Opioid-Induced Hyperalgesia After Surgery: Clinical Relevance

  • Philippe RichebeEmail author
  • Cyrip Rivat


For decades opioids have been used to treat chronic pain as well as perioperative pain. More recently, the phenomenon of opioid-induced hyperalgesia (OIH) was introduced in the literature: the demonstration of diffuse hyperalgesia after chronic exposure to morphine (or other opioids), OIH, was linked to evidence of central sensitization detected by changes in heat tolerance thresholds and temporal summation tests (Chu et al., J Pain 7(1):43–8, 2006; Compton et al., Drug Alcohol Depend 63(2):139–46, 2001; Chen et al., Pain 143(1–2):65–70, 2009; Woolf, Pain 152(3 Suppl.):S2–15, 2011). To date, preexisting OIH, in the perioperative period, has not been well reported in the anesthesia literature. However, experimental studies suggest that sensitivity to pain is greater in those animals who have been exposed to opioids perioperatively as compared to those who were unexposed animals (Laboureyras et al., Anesth Analg 109(2):623–31, 2009; Celerier et al., Anesthesiology 92(2):465–72, 2000; Rivat et al., Anesthesiology 96(2):381–91, 2002).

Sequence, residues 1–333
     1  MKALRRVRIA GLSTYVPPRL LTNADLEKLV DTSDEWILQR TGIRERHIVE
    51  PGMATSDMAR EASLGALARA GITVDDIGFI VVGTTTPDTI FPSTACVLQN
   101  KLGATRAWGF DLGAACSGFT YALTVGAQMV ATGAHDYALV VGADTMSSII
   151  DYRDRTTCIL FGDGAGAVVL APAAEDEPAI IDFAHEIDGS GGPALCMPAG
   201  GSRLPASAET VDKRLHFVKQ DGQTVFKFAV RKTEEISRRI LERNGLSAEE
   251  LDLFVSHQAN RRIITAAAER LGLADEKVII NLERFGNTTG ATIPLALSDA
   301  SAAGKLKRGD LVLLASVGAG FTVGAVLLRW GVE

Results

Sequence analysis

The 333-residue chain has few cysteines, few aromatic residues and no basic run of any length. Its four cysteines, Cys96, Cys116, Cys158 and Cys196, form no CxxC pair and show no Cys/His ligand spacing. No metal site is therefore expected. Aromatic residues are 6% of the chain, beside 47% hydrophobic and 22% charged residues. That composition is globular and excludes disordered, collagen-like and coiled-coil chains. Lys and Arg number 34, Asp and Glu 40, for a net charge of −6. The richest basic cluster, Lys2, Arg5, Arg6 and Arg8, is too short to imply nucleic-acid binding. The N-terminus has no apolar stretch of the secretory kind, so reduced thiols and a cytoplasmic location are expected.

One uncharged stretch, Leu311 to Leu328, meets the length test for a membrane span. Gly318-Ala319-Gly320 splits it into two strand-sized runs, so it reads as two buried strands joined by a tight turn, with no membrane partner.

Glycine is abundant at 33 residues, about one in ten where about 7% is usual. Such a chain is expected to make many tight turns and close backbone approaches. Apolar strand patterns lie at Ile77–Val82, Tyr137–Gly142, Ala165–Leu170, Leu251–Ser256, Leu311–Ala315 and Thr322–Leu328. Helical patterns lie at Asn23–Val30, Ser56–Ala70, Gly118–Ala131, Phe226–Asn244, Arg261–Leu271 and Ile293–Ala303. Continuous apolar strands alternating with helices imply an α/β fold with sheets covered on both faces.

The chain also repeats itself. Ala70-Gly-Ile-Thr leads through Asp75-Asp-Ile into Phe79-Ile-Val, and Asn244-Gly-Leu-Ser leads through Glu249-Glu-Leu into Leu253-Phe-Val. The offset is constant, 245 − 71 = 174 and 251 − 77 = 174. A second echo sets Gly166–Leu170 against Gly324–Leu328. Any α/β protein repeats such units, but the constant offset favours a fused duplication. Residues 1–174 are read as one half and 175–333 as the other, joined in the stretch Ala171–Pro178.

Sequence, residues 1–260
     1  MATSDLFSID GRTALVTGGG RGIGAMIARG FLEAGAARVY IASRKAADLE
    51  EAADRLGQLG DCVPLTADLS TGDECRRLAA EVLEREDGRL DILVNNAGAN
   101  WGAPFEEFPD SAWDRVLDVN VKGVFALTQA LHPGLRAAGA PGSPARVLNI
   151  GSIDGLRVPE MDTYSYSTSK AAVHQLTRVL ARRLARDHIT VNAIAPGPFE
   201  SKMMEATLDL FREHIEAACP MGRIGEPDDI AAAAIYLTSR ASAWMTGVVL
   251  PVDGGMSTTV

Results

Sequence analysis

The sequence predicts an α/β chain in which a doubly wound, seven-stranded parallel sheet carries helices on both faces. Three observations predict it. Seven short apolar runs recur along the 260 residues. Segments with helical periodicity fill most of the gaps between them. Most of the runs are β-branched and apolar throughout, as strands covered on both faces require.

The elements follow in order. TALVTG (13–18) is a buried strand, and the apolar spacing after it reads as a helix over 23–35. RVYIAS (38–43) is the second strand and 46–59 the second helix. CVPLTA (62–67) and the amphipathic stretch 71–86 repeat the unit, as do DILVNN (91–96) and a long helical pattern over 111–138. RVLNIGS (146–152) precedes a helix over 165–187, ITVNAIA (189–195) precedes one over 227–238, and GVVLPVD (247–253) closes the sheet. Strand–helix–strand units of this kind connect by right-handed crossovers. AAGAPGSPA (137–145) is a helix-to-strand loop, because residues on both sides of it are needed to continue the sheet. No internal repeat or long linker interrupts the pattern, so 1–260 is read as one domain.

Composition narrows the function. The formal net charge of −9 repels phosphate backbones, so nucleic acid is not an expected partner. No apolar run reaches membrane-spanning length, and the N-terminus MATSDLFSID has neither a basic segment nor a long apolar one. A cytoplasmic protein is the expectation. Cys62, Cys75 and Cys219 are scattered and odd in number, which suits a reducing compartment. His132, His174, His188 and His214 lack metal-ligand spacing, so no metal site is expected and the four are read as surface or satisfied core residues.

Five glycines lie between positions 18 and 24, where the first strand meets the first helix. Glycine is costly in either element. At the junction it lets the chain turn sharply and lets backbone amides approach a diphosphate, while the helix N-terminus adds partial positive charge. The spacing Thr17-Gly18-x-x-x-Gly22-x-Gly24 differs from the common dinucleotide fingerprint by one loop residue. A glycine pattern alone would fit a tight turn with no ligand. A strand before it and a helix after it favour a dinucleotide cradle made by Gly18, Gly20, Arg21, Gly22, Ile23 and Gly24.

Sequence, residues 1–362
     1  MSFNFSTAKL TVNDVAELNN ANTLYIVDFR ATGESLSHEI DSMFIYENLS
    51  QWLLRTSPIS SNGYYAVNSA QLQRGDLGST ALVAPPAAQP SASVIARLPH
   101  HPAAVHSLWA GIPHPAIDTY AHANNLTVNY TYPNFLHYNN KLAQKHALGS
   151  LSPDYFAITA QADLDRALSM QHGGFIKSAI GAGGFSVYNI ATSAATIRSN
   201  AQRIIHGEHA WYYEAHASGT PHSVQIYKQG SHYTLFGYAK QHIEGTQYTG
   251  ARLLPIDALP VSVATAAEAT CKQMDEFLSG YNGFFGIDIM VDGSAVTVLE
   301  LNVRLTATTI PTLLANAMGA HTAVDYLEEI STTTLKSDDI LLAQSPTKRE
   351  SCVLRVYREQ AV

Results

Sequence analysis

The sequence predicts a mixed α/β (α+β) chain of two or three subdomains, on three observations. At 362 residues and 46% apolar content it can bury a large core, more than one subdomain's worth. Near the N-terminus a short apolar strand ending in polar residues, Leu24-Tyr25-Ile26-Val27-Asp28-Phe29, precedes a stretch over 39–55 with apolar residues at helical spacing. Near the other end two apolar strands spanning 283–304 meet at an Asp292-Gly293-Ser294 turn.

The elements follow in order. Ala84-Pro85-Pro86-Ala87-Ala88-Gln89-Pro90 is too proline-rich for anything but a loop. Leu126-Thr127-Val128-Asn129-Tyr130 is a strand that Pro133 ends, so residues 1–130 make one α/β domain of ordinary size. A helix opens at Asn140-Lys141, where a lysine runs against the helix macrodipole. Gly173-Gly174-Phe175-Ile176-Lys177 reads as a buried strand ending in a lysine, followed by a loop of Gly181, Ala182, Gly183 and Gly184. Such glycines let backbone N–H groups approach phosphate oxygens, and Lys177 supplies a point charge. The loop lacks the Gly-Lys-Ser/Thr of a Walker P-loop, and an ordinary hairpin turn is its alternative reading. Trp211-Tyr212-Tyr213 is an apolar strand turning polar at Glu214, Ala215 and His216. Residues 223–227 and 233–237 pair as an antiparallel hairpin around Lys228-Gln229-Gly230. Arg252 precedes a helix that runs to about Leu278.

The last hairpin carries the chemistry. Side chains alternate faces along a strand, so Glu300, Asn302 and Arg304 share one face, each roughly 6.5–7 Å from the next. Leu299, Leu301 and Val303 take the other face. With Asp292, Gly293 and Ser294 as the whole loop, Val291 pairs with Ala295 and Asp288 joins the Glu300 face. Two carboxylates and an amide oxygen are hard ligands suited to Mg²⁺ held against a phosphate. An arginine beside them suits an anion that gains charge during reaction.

Acute pain/physiopathology Analgesics, opioid/administration, and dosage Chronic pain/drug therapy Chronic pain/epidemiology Chronic pain/physiopathology Hyperalgesia/drug therapy Hyperalgesia/epidemiology Hyperalgesia/physiopathology Morphine/administration and dosage Pain, postoperative/drug therapy Pain, postoperative/epidemiology Pain, postoperative/physiopathology Remifentanil 


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Copyright information

© Springer International Publishing AG 2017

Authors and Affiliations

  1. 1.Maisonneuve Rosemont Hospital, CIUSSS de l’Est-de-l’ile-de-MontrealMontrealCanada
  2. 2.Department of AnesthesiologyUniversity of MontrealMontrealCanada

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